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How to ... talk to your child about sex

Avoid the ‘big awkward talk’ approach and tell the truth in an age-appropriate way

It’s common to feel awkward and nervous, but it’s important to be honest and clear. Photograph: iStock

When should I talk to my child about sex?
Early and often, that's when you should talk to your child about sex and sexuality. "It's not about having the one big awkward talk," says Jenny Carty, clinical manager at the Clanwilliam Institute. "We should all be trying to weave sex and sexuality into our kids' lives, in an age-appropriate way, from the very beginning." When they ask, "Where  do babies come from?" – that's your in.

So, where do babies come from?
A good idea is to use your child's own birth story and your own particular family situation, says Carty. "That could be, Daddy and I got together and we really loved each other and wanted to have a baby. There was an egg and a sperm and the sperm goes into the egg." You don't have to get too much into the details with younger children, she says. Expand as they get older.

But I'll be morto …
It's common to feel awkward and nervous, but it's important to be honest and clear. If you are caught on the hop, it's okay to play for time by saying, "Can I get back to you on that, can we talk about that after lunch?" But be sure to follow up.

“The trick is not to shy away from it in a way that makes them feel they’ve done something wrong by asking,” says Carty. Asking a clarifying question such as “Where did you hear about that?” or “What did you hear?” can also help you to give them the information they need in that moment.

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Talking vaguely about God, magic and looking under cabbage leaves won’t help with clarity.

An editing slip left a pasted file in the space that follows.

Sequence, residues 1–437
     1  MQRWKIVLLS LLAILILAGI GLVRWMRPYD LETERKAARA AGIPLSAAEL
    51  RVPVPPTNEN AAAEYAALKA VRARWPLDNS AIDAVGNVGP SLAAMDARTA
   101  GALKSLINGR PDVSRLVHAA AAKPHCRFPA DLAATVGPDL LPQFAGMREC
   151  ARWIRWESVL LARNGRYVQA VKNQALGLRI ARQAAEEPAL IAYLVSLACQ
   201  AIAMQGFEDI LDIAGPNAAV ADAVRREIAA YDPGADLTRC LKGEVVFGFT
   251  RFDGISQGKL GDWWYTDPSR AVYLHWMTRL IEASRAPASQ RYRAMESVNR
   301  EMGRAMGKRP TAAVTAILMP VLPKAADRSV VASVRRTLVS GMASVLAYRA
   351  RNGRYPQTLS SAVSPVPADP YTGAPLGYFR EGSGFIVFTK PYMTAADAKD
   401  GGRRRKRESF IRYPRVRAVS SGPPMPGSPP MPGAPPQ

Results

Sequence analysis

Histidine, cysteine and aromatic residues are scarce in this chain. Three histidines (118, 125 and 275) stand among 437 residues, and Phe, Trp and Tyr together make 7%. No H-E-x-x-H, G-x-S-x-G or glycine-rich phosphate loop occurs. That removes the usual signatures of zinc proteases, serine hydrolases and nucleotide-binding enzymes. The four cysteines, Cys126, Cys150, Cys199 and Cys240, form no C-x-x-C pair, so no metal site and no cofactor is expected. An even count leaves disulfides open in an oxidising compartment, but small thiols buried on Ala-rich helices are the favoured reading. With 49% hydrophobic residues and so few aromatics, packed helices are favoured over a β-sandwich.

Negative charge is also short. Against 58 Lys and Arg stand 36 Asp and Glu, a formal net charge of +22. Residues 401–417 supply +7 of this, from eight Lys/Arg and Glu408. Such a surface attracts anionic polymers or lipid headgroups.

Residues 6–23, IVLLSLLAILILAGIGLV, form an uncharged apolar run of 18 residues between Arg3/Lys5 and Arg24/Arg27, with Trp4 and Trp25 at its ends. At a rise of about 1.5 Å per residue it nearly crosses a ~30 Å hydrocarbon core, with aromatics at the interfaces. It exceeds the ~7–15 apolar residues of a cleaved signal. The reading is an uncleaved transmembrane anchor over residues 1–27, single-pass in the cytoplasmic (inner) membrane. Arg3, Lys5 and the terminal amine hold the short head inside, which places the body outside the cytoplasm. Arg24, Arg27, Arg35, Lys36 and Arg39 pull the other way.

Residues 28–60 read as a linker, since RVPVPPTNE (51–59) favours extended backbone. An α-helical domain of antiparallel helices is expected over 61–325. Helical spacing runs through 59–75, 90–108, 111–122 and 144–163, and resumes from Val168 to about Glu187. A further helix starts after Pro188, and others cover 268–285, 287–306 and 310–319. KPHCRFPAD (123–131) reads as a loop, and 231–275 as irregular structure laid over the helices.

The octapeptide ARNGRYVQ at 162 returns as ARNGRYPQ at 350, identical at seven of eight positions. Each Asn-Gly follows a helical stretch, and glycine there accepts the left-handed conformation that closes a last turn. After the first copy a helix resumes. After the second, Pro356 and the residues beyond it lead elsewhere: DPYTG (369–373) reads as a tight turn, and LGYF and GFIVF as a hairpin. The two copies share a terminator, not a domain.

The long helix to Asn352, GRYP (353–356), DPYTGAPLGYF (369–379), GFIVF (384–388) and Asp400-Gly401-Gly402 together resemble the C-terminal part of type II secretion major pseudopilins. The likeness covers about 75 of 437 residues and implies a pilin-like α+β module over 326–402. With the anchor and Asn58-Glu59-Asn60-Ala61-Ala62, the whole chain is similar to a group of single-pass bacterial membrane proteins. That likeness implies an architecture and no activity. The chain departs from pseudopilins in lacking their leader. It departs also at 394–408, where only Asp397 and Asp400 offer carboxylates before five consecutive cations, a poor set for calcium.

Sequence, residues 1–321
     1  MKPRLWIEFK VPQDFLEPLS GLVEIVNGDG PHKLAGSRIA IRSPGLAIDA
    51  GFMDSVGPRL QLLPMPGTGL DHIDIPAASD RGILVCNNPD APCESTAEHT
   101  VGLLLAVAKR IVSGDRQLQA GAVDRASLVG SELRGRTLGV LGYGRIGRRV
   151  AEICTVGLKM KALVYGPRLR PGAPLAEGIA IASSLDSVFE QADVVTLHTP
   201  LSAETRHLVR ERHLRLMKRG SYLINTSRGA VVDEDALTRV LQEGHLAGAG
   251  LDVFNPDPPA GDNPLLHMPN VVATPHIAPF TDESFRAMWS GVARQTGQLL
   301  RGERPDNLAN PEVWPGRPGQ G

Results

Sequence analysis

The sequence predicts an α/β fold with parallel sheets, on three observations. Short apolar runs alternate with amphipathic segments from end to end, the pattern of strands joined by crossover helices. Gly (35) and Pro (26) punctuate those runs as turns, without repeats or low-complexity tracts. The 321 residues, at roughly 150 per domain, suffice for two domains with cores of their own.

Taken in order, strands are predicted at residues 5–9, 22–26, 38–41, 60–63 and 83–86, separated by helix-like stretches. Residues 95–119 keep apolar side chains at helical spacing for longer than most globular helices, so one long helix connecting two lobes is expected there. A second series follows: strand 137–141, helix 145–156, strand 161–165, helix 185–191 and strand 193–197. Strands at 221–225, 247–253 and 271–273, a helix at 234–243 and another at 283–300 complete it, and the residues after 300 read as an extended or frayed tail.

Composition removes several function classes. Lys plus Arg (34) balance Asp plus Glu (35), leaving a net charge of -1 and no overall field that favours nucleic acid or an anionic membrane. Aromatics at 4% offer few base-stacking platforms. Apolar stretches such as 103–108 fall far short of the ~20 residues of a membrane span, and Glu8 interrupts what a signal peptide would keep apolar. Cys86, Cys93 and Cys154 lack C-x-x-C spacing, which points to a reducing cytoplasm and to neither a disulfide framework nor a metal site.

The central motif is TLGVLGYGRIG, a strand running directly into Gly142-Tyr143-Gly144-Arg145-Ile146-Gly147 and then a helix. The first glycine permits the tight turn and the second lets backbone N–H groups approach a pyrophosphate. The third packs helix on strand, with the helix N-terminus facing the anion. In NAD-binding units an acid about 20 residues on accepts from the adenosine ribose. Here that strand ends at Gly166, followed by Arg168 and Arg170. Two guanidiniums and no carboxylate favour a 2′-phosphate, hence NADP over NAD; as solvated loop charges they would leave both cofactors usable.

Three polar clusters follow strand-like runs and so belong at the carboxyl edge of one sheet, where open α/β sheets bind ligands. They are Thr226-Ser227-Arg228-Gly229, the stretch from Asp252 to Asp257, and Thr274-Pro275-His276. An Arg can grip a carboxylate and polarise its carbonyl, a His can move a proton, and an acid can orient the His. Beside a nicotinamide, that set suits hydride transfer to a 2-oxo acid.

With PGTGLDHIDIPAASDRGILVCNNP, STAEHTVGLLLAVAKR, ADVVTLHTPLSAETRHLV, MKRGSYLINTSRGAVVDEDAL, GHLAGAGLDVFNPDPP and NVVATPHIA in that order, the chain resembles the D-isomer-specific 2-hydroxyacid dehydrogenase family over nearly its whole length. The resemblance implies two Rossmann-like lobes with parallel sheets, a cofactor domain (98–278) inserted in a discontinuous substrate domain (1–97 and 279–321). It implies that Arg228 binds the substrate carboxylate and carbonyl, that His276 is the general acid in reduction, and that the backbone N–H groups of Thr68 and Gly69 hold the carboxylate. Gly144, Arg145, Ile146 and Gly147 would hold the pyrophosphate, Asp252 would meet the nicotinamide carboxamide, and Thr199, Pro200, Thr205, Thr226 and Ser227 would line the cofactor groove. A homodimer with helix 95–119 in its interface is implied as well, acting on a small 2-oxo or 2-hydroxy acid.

Same but different
Of course there are lots of different family types. Your child will probably know this from school. The old, "When a man and a woman love each other very much …" story doesn't cut it.

“It’s the idea that we are one type of family, but there are lots of ways to have a family and there are lots of ways for kids to grow up,” says Carty. “People have penises and people have vaginas and this is how the mechanics of it work, and this is how babies are born, but there are lots of different kinds of families.”

You just said 'vagina'
Use the proper names for genitals as much as possible, advises Carty. These words don't tend to be easy for us. "In Irish culture, there has always been a little bit of shame or something around them, but that's your own issue. Treat the words 'vagina' or 'penis' like you might say 'arm' or 'knee'. Kids don't care. It doesn't have any connotation or loaded meaning for them."

Children should know about their boundaries from a young age. “It’s important for them to know what is and is not acceptable when it comes to touching and being touched by other people.”

But what if they tell another child?
You have to do what's right for your family, says Carty. "If as parents we don't take control of educating our own children, somebody else will. They will certainly learn things from their peers and what they hear could be quite scary. Yes, someone might complain that your son told their son, but at least if you told it right, it's better to hear the truth than something awful."